Would Mozilla support public funded Fediverses?

Hello all. I am new here and I apologize if this is the incorrect location for this post. I also realize that I have no reputation yet here, so I apologize if this looks like spam.

I have blogged about the idea of trying to get public funding for Fediverse instances:


The main takeaway -

Public contracts to be bid on by your favorite tech corporations to host public Fediverse instances on their cloud, renewable every 4 years. Basically pre-paid reserved instances, to be provisioned out by your favorite civil three letter agency. Silicon Valley hosts the infastructure, and provides infastructure services to support it (“YouGov: DDoS protection by Cloudflare”.)

Semi-public institutions provision, administer, and moderate their own Fediverse flavors: NPR, PBS, University of Whatever, non-profits like Wikipedia, Mozilla, and so on. Practical cost keeping measures could be implemented: allowing only text based communications, or rate limiting posts, or enabling targeted data retention policies (posts deleted after N days), etc.

Here’s the kicker: For any institution wanting to take advantage of this program, they would be subject to the following restrictions:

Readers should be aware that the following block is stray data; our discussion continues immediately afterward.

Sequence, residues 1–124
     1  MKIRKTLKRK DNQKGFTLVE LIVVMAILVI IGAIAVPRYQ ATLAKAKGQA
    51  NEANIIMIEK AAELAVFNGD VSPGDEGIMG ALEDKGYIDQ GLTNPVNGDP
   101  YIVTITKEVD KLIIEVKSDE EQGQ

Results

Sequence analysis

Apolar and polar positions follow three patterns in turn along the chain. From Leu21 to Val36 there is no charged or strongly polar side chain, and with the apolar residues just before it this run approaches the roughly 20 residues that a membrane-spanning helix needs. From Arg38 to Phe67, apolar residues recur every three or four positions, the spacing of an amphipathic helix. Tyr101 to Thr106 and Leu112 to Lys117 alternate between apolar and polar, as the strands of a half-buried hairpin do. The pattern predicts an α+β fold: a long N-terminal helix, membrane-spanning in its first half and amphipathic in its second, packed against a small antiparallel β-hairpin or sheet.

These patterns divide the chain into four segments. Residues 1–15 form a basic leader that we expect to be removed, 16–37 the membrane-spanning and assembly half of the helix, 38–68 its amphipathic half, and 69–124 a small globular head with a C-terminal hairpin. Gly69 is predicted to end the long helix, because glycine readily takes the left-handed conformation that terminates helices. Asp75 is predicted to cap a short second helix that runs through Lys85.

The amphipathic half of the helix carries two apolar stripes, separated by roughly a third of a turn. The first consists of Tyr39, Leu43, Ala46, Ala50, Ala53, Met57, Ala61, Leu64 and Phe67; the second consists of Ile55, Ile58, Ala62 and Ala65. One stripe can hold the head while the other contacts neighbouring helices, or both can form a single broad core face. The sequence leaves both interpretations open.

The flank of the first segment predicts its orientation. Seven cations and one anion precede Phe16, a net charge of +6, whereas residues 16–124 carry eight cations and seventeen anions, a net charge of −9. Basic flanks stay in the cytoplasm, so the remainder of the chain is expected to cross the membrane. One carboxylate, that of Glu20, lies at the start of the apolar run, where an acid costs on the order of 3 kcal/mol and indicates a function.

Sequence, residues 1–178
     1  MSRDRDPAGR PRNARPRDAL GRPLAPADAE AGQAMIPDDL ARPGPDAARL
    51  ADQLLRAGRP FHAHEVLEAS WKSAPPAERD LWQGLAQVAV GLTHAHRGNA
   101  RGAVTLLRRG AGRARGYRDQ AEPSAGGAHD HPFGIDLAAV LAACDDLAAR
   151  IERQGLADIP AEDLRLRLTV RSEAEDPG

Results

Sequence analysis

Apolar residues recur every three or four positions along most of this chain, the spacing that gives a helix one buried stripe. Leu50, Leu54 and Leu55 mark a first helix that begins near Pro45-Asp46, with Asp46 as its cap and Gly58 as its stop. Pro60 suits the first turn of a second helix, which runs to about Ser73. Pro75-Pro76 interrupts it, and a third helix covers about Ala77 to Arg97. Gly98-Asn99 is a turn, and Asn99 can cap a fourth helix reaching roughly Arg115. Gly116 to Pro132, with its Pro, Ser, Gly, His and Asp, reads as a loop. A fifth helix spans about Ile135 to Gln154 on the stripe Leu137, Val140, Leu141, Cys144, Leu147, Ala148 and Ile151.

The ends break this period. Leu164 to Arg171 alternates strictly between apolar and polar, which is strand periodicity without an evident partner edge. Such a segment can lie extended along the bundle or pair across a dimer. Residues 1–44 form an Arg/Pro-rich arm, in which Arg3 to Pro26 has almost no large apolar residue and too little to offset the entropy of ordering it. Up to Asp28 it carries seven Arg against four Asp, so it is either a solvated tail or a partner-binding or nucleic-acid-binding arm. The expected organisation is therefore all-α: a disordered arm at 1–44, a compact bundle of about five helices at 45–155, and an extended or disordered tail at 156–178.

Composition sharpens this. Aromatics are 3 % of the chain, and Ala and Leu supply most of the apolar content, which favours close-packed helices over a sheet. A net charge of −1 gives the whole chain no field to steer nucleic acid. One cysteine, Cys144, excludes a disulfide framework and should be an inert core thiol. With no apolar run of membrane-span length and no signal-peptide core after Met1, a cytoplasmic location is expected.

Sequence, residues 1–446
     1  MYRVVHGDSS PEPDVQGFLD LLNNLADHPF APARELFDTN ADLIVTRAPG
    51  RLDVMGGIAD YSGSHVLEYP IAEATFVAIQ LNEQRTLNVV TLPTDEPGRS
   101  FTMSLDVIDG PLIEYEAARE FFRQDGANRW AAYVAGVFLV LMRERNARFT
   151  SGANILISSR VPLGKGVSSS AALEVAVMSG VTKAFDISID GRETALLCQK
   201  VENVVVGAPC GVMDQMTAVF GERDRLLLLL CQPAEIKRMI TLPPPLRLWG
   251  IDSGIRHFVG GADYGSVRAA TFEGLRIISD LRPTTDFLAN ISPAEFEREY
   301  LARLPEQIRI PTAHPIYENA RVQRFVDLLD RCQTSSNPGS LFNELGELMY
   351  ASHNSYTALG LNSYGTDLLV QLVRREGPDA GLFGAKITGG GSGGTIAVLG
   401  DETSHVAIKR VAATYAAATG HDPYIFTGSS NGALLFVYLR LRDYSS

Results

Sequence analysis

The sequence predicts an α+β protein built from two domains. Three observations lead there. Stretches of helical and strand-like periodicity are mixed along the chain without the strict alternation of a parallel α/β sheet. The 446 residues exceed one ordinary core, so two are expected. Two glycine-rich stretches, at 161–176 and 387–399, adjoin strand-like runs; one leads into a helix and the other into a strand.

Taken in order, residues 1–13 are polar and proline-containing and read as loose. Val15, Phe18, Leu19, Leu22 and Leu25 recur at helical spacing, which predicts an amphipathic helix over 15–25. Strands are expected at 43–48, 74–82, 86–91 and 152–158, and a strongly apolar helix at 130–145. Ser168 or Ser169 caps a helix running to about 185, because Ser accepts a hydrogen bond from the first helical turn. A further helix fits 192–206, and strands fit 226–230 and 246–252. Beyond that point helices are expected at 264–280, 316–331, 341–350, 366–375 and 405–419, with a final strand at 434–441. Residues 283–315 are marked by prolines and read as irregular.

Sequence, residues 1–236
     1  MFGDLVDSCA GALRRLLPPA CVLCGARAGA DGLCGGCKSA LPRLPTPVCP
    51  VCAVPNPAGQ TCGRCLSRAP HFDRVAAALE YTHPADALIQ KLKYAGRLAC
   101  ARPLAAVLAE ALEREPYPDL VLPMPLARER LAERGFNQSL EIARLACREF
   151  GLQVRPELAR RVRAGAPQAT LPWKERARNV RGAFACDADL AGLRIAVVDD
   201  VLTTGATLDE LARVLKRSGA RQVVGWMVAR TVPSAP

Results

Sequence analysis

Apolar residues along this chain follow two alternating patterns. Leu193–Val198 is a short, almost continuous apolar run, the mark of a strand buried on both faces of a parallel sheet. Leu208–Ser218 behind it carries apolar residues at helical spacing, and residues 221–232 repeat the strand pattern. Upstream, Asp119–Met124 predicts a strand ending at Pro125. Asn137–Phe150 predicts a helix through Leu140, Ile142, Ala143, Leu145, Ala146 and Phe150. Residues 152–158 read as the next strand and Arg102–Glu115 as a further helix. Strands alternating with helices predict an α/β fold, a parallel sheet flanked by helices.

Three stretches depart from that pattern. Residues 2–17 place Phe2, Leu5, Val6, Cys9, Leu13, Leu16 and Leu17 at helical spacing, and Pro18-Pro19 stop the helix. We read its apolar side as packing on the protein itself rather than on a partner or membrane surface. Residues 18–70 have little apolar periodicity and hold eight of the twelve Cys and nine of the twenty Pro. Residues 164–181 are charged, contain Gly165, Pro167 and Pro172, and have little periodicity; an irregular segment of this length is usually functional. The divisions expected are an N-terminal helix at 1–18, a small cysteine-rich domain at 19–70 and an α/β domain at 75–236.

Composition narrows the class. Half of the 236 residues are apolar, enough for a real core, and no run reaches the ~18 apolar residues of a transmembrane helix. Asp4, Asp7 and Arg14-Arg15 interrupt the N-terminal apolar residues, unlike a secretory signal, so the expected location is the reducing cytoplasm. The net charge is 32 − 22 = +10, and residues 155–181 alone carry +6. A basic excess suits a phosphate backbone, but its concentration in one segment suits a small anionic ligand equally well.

• Their code hosting the social media derivative must be open source.
  • The data being submitted by their users must have a public and easy to understand data governance plan.
    • If the user submitted content would be licensed for example as Creative Commons, describe what is being collected, how it may be used elsewhere, etc. For example, if NPR hosted their own Fediverse instance, could the users opt-in in allowing some of their content to be used to train AI models? Etc. This would provide a public data set for companies to leverage.
  • The data collected by their social media derivative must be subject to user data rights: Users have a right to read, update, delete their data. They have the right to move their data elsewhere. And so on.

I choose the Fediverse (really, the ActivityPub protocol) because I don’t want to tend towards N number of walled sites that can’t interoperate their content: I want to try and keep the benefits of centralization and decentralization.

Would this be something the Mozilla Foundation would support?